The Welsh history of feuds and revolts is alive and well in the new assembly. Conservative members, with the Lib Dems and Plaid Cymru, have given Labour's assembly government a bloody nose on top-up fees by voting them down. That has left the carefully crafted plans for Welsh universities to charge up to £3,000 a year like their English neighbours in disarray. For the past week the Opposition leaders have been in wall to wall meetings with First Minister Rhodri Morgan or in choreographed dinners with Welsh vice-chancellors to reach a compromise.
The hope is that a solution will be found to ensure that Welsh higher education does not lose out financially compared to England - or at least lose out any more than it does already. "This is a crucial test for devolution," says Jane Davidson, Wales's Education Minister. "If the Assembly fails the test, it's going to be much harder for us to get more powers. Extra powers do bring extra responsibility."
When the Welsh Assembly came into existence, Davidson adopted what was seen as a canny wait-and-see policy on top-up fees. So, while Tony Blair was being bombarded with brickbats from Old Labour MPs, she was able to avoid trouble by postponing a decision. It made her friends with students and lecturer unions in Wales although Welsh vice-chancellors were less sure about the tactic. One observed that Davidson was burying her head in the sand. Now, 18 months on, and with the Higher Education Act firmly on the statute books in England, that comment is beginning to look prophetic.
Davidson says that during that period Wales had a chance to look at the funding options for higher education in the principality. To reassure the vice-chancellors that they would not lose out as a result of the postponement she promised that they would receive the same money per student as the English institutions charging top-up fees. That promise holds for one year. So next year, 2006, when top-up fees are introduced, Wales will have to find an extra £14m - and that money will come out of the Assembly Government's core budget.
A year ago Davidson asked Professor Teresa Rees, pro vice-chancellor of Cardiff University, to chair a review into the funding options for Welsh higher education in the long term. The 14-member group included representatives of further and higher education, and Maureen Woodhall, an academic who carried out pioneering research into the subject in the 1970s and 1980s. It also included Rob Humphreys, the president of the Welsh Lib Dems and Darren McGinley, the president of the students' union at Trinity College Carmarthen. So it was clearly a representative and authoritative group and it sought solutions based on evidence.
Their report came up with a distinctively Welsh recommendation. It proposed unanimously that Welsh higher education institutions be allowed to charge deferred flexible fees of up to £3,000 so as not to disadvantage the sector compared with England. To ensure that poorer students were not deterred from higher education this would be accompanied by a national bursary scheme created by slicing off money from the fee income of every institution. The means-tested bursaries would go to all Welsh students from low income families. The decision by a coalition of Tories, Lib Dems and Plaid Cymru to sabotage the report two days before it was published reflects the balance of power in the Assembly.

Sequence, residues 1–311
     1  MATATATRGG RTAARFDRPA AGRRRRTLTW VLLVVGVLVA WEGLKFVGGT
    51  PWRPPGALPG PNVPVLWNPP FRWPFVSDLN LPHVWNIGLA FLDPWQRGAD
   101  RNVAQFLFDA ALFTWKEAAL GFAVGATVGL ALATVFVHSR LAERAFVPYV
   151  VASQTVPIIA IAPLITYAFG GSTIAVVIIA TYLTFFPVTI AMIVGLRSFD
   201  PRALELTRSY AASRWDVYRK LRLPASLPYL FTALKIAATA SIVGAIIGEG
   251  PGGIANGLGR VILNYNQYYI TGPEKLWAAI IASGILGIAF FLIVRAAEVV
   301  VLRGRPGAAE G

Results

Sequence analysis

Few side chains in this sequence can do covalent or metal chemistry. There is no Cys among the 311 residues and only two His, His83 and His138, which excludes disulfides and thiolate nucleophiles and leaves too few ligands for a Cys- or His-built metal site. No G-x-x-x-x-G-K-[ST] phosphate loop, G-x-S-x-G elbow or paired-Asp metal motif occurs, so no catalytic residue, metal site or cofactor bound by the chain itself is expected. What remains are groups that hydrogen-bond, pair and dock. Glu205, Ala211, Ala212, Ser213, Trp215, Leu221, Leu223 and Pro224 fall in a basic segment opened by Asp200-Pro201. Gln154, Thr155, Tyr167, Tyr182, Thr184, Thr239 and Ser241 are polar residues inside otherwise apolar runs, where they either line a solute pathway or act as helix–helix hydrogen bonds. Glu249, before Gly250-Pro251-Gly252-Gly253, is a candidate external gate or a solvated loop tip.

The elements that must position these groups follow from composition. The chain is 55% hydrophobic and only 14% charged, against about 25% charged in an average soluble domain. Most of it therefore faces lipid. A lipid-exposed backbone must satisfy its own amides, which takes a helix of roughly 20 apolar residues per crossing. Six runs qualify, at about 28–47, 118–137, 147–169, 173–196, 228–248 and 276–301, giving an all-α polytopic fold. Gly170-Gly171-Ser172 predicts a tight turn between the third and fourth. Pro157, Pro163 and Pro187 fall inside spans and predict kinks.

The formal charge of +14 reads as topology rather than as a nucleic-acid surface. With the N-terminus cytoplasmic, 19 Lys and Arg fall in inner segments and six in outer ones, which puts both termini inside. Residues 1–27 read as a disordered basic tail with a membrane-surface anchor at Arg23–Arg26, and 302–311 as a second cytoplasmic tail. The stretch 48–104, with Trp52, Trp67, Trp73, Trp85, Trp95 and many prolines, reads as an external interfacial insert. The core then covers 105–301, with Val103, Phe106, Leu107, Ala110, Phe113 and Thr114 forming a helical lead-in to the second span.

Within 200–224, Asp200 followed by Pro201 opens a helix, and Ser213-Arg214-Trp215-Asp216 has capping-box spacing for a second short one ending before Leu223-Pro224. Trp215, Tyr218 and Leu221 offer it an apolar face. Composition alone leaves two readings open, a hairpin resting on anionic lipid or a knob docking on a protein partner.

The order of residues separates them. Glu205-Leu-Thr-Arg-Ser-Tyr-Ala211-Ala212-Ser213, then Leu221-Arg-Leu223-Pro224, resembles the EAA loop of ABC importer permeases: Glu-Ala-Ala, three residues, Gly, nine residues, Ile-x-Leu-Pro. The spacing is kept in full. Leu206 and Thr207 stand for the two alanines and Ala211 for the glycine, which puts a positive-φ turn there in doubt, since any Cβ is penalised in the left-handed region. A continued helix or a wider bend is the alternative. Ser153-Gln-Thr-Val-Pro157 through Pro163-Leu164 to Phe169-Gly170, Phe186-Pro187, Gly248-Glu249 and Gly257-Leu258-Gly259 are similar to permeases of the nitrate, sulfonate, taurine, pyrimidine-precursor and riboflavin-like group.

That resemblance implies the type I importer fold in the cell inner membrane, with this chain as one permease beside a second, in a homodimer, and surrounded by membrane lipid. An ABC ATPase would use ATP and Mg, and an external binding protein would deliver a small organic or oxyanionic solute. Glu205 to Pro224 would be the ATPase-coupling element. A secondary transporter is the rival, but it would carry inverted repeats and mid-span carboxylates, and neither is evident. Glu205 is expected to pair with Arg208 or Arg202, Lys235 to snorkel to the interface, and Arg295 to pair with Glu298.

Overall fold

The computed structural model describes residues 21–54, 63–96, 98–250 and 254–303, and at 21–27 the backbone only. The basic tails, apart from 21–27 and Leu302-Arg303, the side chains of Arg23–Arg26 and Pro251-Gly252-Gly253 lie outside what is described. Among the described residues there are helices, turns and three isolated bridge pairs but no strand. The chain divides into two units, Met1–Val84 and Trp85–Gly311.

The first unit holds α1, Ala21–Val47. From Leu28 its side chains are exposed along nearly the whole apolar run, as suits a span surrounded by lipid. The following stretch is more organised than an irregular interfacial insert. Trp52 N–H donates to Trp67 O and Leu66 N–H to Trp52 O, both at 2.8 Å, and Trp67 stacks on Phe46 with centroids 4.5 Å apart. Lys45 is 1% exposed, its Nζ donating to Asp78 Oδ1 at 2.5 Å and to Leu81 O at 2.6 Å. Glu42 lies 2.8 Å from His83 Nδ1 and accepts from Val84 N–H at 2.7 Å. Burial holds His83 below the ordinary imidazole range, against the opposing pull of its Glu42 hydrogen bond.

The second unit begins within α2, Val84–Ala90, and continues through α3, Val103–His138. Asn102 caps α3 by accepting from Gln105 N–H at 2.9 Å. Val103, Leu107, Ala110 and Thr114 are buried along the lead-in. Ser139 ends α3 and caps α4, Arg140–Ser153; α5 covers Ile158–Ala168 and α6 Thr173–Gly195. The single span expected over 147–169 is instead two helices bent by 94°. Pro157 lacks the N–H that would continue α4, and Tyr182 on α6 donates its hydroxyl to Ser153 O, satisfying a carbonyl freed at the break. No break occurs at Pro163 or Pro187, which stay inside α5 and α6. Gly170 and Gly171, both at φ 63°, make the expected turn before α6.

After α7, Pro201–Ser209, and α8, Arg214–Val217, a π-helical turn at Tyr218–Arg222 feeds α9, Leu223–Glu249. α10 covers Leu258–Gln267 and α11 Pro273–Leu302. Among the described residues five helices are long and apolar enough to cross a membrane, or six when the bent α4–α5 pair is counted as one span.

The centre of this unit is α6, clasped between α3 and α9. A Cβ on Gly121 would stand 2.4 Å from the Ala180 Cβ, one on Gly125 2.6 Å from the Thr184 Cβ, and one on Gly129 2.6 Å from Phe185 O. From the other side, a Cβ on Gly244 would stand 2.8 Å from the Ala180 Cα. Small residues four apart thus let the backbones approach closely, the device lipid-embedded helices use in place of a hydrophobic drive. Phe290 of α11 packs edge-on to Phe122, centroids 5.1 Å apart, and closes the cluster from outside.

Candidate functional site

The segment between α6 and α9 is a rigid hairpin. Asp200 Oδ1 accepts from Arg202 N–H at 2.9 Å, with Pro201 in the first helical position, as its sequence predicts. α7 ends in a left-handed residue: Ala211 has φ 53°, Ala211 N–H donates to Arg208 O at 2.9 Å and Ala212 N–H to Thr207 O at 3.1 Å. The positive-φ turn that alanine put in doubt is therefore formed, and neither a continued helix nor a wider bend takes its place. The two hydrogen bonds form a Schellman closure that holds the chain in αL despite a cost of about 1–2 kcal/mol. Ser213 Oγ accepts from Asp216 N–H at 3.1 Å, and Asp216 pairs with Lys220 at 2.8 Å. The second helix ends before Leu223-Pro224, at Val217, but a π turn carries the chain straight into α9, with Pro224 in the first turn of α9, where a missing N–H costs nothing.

At the general election Labour lost its one-seat majority when Blaenau Gwent went independent. So the Opposition parties were itching for an opportunity to embarrass the assembly government. What better issue than the much loathed top-up fees?
Now, however, the rebels are experiencing a fast learning curve. Professor Rees has been giving briefings on her report to explain the tricky issues surrounding Welsh higher education funding and why the review group chose the option it did. Wales is a net importer of students: 37 per cent of Welsh students go to England to study but 44 per cent of students at Welsh universities come from England. The report says that minor fluctuations in these cross-border flows could lead to Welsh students being squeezed out by better qualified applicants from elsewhere. It could also cause major viability problems for some institutions and have serious financial implications for the assembly budget.
University vice-chancellors regard the Conservative opposition as opportunistic. They argue that Conservatives stand for minimal state involvement in people's lives and maximum personal choice, therefore they should support deferred flexible fees. "The Tory position is totally untenable," says one vice-chancellor. "They are voting against their core ideology to give Labour a bloody nose. This is politics of the worst kind."
Nick Bourne, the Conservative leader, rejects such comments. All the parties are looking for "a way forward", he says. "I am very much against top-up fees. Just as secondary education is universal and free, I think tertiary education should be too."